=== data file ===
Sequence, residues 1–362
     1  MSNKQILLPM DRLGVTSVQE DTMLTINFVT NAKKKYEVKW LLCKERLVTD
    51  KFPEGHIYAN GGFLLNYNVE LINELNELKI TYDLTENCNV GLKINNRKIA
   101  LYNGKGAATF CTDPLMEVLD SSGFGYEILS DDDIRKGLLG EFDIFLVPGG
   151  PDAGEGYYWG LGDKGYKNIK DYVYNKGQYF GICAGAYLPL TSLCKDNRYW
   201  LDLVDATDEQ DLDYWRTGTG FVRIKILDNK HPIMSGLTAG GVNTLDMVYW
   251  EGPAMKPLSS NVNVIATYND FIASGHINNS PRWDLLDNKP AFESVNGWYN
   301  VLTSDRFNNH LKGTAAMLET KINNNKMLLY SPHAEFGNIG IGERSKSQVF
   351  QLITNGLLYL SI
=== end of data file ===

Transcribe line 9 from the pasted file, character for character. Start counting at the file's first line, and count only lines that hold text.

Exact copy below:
   351  QLITNGLLYL SI